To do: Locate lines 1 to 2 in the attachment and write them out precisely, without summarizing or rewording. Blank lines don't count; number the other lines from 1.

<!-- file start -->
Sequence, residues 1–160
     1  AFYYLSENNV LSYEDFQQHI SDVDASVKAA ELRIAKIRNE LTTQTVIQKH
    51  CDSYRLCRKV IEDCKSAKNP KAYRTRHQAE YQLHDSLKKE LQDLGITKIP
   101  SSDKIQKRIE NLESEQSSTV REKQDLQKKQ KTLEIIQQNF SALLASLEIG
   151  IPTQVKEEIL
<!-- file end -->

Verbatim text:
Sequence, residues 1–160
     1  AFYYLSENNV LSYEDFQQHI SDVDASVKAA ELRIAKIRNE LTTQTVIQKH